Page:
Four years ago, the Australian government passed a plain tobacco packaging law, requiring cigarettes to be sold in plain, vomit-coloured cartons with no distinctive branding. The tobacco industry was outraged, and tried to challenge the law, first in the Australian courts, and then - after a sham restructuring in an effort to establish jurisdiction - under a free trade deal Australia had signed with Hong Kong. And now, they've lost, with the FTA arbitration tribunal rejecting the case on jurisdictional grounds:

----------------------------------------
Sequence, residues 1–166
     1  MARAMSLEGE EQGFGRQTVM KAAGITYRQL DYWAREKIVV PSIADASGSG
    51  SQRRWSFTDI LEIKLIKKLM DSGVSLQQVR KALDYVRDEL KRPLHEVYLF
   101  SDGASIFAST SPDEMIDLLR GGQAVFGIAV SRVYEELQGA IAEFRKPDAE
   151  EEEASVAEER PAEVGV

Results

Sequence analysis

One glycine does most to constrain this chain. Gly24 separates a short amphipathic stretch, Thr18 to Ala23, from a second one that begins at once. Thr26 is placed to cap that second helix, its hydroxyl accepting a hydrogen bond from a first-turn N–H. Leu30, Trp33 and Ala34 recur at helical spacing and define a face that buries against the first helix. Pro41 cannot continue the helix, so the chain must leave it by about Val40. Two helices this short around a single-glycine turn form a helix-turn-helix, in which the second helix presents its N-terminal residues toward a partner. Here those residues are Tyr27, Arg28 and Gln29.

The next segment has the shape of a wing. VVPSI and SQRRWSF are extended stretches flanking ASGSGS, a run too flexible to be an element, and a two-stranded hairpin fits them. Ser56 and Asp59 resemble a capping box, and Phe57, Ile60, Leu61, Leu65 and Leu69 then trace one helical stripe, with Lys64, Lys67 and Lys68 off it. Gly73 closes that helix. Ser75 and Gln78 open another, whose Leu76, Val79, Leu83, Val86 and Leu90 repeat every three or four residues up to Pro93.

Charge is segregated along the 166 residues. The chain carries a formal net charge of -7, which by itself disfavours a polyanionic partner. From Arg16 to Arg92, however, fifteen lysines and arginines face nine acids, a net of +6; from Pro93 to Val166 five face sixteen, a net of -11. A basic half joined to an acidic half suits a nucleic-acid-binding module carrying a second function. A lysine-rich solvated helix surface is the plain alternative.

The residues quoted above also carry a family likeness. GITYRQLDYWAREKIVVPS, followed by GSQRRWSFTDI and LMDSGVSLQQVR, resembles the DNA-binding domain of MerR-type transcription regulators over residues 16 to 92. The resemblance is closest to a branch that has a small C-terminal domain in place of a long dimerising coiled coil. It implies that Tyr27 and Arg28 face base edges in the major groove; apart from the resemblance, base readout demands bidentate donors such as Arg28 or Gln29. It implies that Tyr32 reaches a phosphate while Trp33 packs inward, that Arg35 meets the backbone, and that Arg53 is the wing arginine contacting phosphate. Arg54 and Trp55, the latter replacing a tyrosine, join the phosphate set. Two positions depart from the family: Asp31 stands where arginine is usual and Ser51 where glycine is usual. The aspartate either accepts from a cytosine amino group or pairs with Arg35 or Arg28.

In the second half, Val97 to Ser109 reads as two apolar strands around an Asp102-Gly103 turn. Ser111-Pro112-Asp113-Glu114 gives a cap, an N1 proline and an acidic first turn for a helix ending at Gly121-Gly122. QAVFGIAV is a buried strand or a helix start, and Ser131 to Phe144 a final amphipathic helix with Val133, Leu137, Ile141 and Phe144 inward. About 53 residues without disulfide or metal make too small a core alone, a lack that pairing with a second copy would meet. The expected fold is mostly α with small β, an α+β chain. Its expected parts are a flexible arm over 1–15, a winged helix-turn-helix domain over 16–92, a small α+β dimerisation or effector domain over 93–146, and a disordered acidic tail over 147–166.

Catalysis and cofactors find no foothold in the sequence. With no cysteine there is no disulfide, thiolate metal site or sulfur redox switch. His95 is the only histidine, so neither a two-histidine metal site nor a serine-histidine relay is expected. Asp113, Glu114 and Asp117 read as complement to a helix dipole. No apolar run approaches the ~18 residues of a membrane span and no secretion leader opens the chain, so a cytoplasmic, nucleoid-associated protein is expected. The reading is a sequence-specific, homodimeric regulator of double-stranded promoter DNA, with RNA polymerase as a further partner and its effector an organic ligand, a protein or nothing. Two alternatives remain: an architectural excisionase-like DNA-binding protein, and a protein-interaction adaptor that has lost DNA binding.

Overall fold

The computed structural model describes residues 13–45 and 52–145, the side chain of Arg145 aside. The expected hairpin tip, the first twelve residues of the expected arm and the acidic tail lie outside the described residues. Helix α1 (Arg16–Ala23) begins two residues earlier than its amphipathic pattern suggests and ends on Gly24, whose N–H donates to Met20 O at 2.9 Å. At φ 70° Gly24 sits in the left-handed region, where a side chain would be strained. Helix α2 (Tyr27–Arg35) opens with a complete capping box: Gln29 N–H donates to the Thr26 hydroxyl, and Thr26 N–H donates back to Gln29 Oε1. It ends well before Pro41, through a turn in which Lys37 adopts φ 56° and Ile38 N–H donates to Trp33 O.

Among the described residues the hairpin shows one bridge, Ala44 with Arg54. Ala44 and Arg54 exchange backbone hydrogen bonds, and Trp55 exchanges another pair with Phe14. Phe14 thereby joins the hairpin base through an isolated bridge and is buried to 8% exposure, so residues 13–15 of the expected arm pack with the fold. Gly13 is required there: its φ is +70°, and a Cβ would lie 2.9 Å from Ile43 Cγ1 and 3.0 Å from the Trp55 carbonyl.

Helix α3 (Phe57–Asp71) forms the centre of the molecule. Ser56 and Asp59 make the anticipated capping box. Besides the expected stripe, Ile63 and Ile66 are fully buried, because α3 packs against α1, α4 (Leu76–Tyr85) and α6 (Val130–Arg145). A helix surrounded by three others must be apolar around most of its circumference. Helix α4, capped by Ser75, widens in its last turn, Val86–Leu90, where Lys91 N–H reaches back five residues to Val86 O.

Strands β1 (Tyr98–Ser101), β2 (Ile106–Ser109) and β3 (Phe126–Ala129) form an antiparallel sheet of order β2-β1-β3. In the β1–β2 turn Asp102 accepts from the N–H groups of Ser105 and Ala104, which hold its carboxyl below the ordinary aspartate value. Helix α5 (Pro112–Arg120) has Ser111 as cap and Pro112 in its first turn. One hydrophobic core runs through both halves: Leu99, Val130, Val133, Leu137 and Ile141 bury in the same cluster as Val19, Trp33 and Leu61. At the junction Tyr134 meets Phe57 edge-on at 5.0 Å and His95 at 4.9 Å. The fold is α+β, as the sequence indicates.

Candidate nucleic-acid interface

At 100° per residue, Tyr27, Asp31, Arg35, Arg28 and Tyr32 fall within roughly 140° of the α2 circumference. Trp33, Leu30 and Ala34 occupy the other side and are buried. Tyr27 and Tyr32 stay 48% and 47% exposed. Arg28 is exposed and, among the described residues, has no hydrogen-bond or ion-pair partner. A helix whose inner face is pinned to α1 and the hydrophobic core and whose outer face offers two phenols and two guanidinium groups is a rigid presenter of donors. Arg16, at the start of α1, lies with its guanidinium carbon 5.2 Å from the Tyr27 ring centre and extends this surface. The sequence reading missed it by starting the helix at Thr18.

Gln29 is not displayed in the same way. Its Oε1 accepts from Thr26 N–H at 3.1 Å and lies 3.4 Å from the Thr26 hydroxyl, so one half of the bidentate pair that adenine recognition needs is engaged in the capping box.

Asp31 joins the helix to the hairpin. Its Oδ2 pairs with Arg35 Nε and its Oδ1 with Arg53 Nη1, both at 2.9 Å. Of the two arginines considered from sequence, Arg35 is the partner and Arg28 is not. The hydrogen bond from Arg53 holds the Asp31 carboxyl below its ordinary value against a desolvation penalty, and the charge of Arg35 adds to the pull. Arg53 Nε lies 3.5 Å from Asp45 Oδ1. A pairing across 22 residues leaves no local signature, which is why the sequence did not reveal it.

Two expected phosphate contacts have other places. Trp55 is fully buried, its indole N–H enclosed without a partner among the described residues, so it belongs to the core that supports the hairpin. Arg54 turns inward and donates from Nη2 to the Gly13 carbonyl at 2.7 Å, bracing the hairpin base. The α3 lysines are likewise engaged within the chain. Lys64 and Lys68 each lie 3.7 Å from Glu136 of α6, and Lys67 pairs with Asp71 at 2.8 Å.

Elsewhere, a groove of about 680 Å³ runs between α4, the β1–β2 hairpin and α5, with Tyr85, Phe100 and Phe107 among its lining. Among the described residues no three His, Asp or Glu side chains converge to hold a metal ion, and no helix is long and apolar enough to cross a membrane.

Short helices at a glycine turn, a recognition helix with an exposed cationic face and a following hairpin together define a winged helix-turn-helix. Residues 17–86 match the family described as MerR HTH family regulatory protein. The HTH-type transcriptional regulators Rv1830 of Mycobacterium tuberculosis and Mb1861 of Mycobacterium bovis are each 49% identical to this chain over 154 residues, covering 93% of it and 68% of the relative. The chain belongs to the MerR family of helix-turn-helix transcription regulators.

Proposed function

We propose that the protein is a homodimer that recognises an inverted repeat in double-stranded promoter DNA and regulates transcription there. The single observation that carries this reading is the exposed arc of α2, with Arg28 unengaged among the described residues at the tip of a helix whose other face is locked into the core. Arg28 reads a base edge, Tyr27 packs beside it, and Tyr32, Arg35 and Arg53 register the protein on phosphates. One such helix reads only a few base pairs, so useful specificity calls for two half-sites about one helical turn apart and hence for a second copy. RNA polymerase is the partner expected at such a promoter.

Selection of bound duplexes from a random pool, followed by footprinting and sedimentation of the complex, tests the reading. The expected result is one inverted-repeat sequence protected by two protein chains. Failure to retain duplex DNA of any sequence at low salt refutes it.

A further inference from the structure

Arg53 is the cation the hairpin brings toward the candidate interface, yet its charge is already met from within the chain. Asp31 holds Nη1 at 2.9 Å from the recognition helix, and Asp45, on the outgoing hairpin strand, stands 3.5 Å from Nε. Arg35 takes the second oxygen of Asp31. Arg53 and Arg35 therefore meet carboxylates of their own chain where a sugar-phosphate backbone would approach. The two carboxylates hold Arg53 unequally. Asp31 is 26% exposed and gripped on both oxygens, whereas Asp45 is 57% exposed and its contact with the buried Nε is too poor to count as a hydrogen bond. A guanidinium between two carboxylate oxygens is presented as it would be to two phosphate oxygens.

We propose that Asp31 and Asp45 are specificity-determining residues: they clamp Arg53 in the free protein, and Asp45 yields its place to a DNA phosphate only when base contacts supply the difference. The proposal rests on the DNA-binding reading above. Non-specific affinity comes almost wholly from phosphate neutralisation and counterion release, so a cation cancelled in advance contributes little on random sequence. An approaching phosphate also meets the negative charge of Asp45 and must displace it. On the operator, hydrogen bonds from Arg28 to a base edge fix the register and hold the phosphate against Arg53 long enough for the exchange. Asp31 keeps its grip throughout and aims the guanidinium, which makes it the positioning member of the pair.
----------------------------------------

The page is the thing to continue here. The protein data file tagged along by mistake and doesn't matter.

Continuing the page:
The federal government has won its case against tobacco giant Philip Morris Asia challenging Australia's tobacco plain-packaging laws.
It means the former Gillard government's plain-packaging laws, introduced in 2011, will remain in place.
The tribunal in the arbitration, based in Singapore, has issued a unanimous decision agreeing with Australia's position that it has no jurisdiction to hear Philip Morris's claim.
So much for that. And hopefully the Australians will demand costs from the cancer-sellers for their efforts.
Meanwhile, plain packaging has been on hold in New Zealand pending the outcome of this case. Now it's been resolved, hopefully we'll see some rapid progress.